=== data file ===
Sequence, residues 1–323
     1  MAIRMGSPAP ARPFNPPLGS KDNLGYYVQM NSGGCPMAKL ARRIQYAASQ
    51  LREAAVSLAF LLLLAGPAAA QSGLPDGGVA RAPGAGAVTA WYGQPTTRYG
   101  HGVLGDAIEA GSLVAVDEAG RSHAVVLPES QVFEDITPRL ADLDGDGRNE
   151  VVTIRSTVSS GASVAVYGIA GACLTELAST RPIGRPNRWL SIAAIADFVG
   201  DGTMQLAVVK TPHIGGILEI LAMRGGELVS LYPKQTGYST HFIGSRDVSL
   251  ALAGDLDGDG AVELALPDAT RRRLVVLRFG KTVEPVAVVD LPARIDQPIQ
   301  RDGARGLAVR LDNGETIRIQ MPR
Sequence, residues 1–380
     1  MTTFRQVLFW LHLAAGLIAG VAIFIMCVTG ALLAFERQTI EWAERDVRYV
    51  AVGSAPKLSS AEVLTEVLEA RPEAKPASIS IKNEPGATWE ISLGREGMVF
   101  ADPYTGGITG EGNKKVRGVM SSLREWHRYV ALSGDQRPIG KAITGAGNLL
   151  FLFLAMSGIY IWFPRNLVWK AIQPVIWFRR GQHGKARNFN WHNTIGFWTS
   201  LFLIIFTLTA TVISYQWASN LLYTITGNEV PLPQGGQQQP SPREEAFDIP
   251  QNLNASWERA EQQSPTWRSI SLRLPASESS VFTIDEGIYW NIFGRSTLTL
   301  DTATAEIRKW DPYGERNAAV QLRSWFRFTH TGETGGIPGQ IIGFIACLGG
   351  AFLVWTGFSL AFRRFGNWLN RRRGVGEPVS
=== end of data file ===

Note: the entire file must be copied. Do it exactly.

Sequence, residues 1–323
     1  MAIRMGSPAP ARPFNPPLGS KDNLGYYVQM NSGGCPMAKL ARRIQYAASQ
    51  LREAAVSLAF LLLLAGPAAA QSGLPDGGVA RAPGAGAVTA WYGQPTTRYG
   101  HGVLGDAIEA GSLVAVDEAG RSHAVVLPES QVFEDITPRL ADLDGDGRNE
   151  VVTIRSTVSS GASVAVYGIA GACLTELAST RPIGRPNRWL SIAAIADFVG
   201  DGTMQLAVVK TPHIGGILEI LAMRGGELVS LYPKQTGYST HFIGSRDVSL
   251  ALAGDLDGDG AVELALPDAT RRRLVVLRFG KTVEPVAVVD LPARIDQPIQ
   301  RDGARGLAVR LDNGETIRIQ MPR
Sequence, residues 1–380
     1  MTTFRQVLFW LHLAAGLIAG VAIFIMCVTG ALLAFERQTI EWAERDVRYV
    51  AVGSAPKLSS AEVLTEVLEA RPEAKPASIS IKNEPGATWE ISLGREGMVF
   101  ADPYTGGITG EGNKKVRGVM SSLREWHRYV ALSGDQRPIG KAITGAGNLL
   151  FLFLAMSGIY IWFPRNLVWK AIQPVIWFRR GQHGKARNFN WHNTIGFWTS
   201  LFLIIFTLTA TVISYQWASN LLYTITGNEV PLPQGGQQQP SPREEAFDIP
   251  QNLNASWERA EQQSPTWRSI SLRLPASESS VFTIDEGIYW NIFGRSTLTL
   301  DTATAEIRKW DPYGERNAAV QLRSWFRFTH TGETGGIPGQ IIGFIACLGG
   351  AFLVWTGFSL AFRRFGNWLN RRRGVGEPVS